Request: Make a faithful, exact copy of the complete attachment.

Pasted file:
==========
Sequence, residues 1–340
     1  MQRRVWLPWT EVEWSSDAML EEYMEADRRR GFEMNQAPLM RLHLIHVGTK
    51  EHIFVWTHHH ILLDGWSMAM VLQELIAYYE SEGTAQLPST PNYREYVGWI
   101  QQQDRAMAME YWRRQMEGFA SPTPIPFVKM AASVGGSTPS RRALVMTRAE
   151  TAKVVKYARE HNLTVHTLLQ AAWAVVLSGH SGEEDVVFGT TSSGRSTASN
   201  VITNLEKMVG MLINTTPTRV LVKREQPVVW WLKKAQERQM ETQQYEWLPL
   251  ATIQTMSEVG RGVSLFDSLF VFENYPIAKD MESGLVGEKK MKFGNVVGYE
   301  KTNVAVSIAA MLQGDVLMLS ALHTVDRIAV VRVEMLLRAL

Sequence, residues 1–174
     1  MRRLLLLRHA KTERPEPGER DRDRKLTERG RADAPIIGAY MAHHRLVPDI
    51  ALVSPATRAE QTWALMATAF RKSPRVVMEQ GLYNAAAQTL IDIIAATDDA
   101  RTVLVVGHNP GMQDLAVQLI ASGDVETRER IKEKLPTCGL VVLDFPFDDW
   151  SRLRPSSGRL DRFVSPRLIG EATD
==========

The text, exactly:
Sequence, residues 1–340
     1  MQRRVWLPWT EVEWSSDAML EEYMEADRRR GFEMNQAPLM RLHLIHVGTK
    51  EHIFVWTHHH ILLDGWSMAM VLQELIAYYE SEGTAQLPST PNYREYVGWI
   101  QQQDRAMAME YWRRQMEGFA SPTPIPFVKM AASVGGSTPS RRALVMTRAE
   151  TAKVVKYARE HNLTVHTLLQ AAWAVVLSGH SGEEDVVFGT TSSGRSTASN
   201  VITNLEKMVG MLINTTPTRV LVKREQPVVW WLKKAQERQM ETQQYEWLPL
   251  ATIQTMSEVG RGVSLFDSLF VFENYPIAKD MESGLVGEKK MKFGNVVGYE
   301  KTNVAVSIAA MLQGDVLMLS ALHTVDRIAV VRVEMLLRAL

Sequence, residues 1–174
     1  MRRLLLLRHA KTERPEPGER DRDRKLTERG RADAPIIGAY MAHHRLVPDI
    51  ALVSPATRAE QTWALMATAF RKSPRVVMEQ GLYNAAAQTL IDIIAATDDA
   101  RTVLVVGHNP GMQDLAVQLI ASGDVETRER IKEKLPTCGL VVLDFPFDDW
   151  SRLRPSSGRL DRFVSPRLIG EATD